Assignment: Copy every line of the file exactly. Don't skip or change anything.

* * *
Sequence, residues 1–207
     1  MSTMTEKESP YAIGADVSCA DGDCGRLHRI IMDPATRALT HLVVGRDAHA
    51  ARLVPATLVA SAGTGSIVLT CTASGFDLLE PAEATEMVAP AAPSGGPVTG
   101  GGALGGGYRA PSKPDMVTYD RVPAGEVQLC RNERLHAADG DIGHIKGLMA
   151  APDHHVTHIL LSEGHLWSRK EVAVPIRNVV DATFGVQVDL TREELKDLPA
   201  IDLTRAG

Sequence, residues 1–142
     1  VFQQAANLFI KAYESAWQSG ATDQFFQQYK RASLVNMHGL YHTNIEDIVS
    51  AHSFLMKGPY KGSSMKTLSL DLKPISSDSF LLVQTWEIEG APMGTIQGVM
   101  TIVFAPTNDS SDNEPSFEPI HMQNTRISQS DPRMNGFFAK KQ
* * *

Sequence, residues 1–207
     1  MSTMTEKESP YAIGADVSCA DGDCGRLHRI IMDPATRALT HLVVGRDAHA
    51  ARLVPATLVA SAGTGSIVLT CTASGFDLLE PAEATEMVAP AAPSGGPVTG
   101  GGALGGGYRA PSKPDMVTYD RVPAGEVQLC RNERLHAADG DIGHIKGLMA
   151  APDHHVTHIL LSEGHLWSRK EVAVPIRNVV DATFGVQVDL TREELKDLPA
   201  IDLTRAG

Sequence, residues 1–142
     1  VFQQAANLFI KAYESAWQSG ATDQFFQQYK RASLVNMHGL YHTNIEDIVS
    51  AHSFLMKGPY KGSSMKTLSL DLKPISSDSF LLVQTWEIEG APMGTIQGVM
   101  TIVFAPTNDS SDNEPSFEPI HMQNTRISQS DPRMNGFFAK KQ